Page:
The Lowdown: Ten Things You Didn’t Know About Cupid
OntheBox is in no way above hopping on the Valentine’s Day bandwagon. For one day, and one day only, we love those sickening little teddy bears with their big red hearts and the multivarious corporate commodities of love. Think of it as a holiday for good taste and sense.
With this sentimental love of all that is Valentine’s in mind, we bring you a very special Lowdown – Cupid himself.
1. In the original ancient mythology, there are actually two Cupids. The first, and most famous, is the son of Mars, the Roman God of War, and Venus, Roman Goddess of love, beauty and fertility. He is the God of sexy time, and delights in pranks as well as the spreading of love. The second is the son of Greek goddess Nyx, the primordial goddess of night, and her counterpart Erebus, the son of Chaos. That Cupid is called Eros (which is the root of the word “erotic”. Heehee, I wrote “erotic”) and seems to be known primarily for his riotous debauchery, which is much more fun.
2. Cupid was ordered by his jealous mother Venus to make the princess Psyche fall in love with the ugliest man on earth (Carrot Top, anyone?), but when Cupid saw Psyche he was so overcome by her beauty that he dropped an arrow on his own foot and fell in love with her himself. Ultimately, she was granted immortality by Jupiter so that the two could be together. How sweet.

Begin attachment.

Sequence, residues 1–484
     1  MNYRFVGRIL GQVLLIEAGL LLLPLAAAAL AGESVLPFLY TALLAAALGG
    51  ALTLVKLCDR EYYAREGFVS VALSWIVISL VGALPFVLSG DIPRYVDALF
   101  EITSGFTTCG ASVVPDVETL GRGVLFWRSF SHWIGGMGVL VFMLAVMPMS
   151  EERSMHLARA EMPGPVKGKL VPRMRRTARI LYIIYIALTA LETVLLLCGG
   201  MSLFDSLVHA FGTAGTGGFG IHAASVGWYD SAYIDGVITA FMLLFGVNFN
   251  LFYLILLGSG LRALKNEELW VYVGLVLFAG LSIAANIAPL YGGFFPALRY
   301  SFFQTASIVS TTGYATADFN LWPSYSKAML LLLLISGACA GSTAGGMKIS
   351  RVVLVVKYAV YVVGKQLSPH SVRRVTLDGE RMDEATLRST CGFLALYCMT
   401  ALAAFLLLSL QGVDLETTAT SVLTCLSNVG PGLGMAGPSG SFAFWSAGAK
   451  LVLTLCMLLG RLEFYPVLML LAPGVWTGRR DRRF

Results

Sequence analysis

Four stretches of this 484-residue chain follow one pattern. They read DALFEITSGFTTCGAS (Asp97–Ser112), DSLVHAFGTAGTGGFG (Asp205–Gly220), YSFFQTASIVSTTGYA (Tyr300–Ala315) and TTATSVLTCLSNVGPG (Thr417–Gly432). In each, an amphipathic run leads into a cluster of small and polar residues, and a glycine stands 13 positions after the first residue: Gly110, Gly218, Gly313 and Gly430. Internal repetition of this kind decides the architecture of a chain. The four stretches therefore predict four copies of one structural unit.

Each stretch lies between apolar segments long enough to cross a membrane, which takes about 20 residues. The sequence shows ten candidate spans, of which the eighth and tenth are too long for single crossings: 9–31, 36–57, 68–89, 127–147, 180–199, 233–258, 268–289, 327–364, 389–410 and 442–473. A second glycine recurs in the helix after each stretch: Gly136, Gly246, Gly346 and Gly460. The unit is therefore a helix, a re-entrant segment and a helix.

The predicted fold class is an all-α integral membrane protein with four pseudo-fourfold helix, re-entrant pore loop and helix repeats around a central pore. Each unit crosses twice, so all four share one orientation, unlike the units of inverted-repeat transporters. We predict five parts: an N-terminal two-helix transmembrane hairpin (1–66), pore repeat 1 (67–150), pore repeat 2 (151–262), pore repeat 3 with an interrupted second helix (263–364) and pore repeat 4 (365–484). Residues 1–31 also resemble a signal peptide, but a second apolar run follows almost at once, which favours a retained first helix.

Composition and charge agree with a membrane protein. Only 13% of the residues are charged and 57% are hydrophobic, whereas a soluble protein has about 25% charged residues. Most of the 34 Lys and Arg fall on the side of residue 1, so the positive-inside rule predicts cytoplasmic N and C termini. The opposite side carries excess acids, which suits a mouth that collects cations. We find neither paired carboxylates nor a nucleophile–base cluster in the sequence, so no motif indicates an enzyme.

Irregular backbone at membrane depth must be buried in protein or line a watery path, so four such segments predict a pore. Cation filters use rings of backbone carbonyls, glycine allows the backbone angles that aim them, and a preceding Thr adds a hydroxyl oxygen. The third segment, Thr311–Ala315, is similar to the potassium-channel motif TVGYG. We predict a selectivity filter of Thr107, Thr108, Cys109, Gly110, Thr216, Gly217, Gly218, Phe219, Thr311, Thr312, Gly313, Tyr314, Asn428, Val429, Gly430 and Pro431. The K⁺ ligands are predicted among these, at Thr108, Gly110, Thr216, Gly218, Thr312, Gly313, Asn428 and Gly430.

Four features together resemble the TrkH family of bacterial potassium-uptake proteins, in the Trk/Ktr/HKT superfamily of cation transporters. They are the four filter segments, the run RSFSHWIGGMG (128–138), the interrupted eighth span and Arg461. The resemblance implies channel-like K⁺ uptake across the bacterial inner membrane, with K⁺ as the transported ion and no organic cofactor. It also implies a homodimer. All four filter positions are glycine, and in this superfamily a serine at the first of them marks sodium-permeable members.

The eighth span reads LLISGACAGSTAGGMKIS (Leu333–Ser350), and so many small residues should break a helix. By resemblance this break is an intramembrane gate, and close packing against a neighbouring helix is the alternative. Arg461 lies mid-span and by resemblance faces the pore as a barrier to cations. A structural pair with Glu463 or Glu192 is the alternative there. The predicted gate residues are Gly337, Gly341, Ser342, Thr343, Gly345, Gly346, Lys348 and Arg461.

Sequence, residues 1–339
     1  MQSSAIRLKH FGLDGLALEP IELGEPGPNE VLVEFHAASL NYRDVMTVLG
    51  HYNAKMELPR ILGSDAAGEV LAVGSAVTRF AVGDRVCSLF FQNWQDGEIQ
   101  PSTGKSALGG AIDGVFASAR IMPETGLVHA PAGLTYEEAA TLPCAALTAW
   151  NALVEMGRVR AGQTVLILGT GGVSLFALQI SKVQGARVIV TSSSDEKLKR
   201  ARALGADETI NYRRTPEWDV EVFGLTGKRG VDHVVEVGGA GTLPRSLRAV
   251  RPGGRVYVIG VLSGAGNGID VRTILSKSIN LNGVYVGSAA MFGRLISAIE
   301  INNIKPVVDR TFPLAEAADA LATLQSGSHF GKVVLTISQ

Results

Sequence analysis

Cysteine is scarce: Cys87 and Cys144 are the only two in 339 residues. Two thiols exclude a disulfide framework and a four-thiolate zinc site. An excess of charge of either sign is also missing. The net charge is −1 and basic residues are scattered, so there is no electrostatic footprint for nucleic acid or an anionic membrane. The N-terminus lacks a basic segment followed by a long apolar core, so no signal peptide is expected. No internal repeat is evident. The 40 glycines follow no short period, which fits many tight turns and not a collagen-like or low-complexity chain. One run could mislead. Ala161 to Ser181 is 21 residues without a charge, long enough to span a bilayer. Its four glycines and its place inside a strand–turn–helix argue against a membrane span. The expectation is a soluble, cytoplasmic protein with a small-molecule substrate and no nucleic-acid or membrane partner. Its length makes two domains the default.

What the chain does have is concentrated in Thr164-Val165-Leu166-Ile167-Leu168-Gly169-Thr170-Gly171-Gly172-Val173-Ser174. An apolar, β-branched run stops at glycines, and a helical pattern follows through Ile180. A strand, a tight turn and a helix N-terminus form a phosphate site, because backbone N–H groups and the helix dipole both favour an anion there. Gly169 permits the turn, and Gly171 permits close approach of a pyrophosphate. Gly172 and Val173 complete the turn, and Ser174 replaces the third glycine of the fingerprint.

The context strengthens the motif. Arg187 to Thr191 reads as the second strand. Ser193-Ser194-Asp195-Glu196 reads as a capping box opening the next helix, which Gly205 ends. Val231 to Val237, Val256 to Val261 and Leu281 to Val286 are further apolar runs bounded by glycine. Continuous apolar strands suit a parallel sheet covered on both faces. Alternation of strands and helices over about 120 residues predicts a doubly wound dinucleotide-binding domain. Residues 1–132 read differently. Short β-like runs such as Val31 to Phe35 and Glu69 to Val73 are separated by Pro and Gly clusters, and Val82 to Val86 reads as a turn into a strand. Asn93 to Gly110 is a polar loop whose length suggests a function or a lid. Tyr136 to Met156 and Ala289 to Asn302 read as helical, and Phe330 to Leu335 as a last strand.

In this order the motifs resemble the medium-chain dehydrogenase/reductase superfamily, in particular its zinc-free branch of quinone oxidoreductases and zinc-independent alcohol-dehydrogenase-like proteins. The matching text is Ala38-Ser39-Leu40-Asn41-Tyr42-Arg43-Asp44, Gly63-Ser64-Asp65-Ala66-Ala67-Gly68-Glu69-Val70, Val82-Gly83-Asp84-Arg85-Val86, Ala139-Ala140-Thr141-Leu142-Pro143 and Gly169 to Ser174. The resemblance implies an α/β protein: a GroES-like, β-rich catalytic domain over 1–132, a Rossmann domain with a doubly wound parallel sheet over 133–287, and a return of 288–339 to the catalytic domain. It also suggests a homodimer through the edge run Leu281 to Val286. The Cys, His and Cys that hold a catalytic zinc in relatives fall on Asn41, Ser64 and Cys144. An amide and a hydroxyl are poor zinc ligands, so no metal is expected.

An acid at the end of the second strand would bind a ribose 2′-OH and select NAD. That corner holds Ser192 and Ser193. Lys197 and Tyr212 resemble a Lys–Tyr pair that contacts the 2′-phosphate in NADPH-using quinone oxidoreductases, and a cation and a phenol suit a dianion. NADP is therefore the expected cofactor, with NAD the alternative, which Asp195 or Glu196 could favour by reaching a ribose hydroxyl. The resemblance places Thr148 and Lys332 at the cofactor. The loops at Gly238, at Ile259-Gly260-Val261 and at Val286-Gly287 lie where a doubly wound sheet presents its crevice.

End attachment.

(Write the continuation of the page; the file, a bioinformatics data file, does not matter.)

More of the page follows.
3. Cupid and Psyche’s daughter was the fantastically named Voluptas, the goddess of pleasure. I think I may have dated her once…
4. There were cults for Cupid which believed that he was more powerful even than his mother, Venus, as he held power over the dead, the creatures of the sea and even the gods in Olympus. So, basically, Cupid was not only all romantic and that, he was also like some kind of superhero god.
5. There is a Hindu equivalent to Cupid called Kama, whose other names include Kandarpa (“inflamer even of gods”), Manmatha (“churner of hearts”) and Madana (“intoxicating”). Kama carries a bow made of sugarcane, with a string of honeybees and arrows made of flowers, which kind of sounds like something Heston Blumenthal would charge a fortune for.
6. The usual depiction of Cupid as a plump child with wings is a type of putto, rather than the usual misconception of Cupid as a cherubim. Weirdly, the word putto has the same origins as puttana, meaning “slut” and “whore”. I guess we should rethink Cupid as a cute little baby…
7. The closest equivalent to Cupid’s arrows in nature are the chalk darts that snails fire at one another in order to mate. The darts don’t fly through the air, though, as they are fired as a contact shot. Um…sexy?
8. Confusingly, there are also thought to be two different versions of Roman Cupid. One is the “elder” Cupid, who had a hand in creating the rest of the race of Gods in the first hand, including Oceanus and Tethys, who went on to get repeatedly busy, having about 3,000 children – the ocean nymphs. The younger Cupid is the one we generally think of now.
9. The first incidence of the story of Cupid and Psyche is in the only Latin Roman novel still surviving – the Metamorphoses of Lucius Apuleius, also known as the Golden Ass. The Golden Ass is thought to have partly inspired A Midsummer Night’s Dream as at one point the narrator attempts to turn himself into a bird and ends up an ass, much like Bottom. Ha! I’m on fire; “erotic”, “whore” and “bottom” all in one post.
10. Cupid actually had two different types of arrows. One set was golden with dove’s feathers and caused love. The other was made of lead and owl’s feathers, causing indifference. Occasionally he would hit each person in a couple with a different arrow…b*stard.
By Chris Harding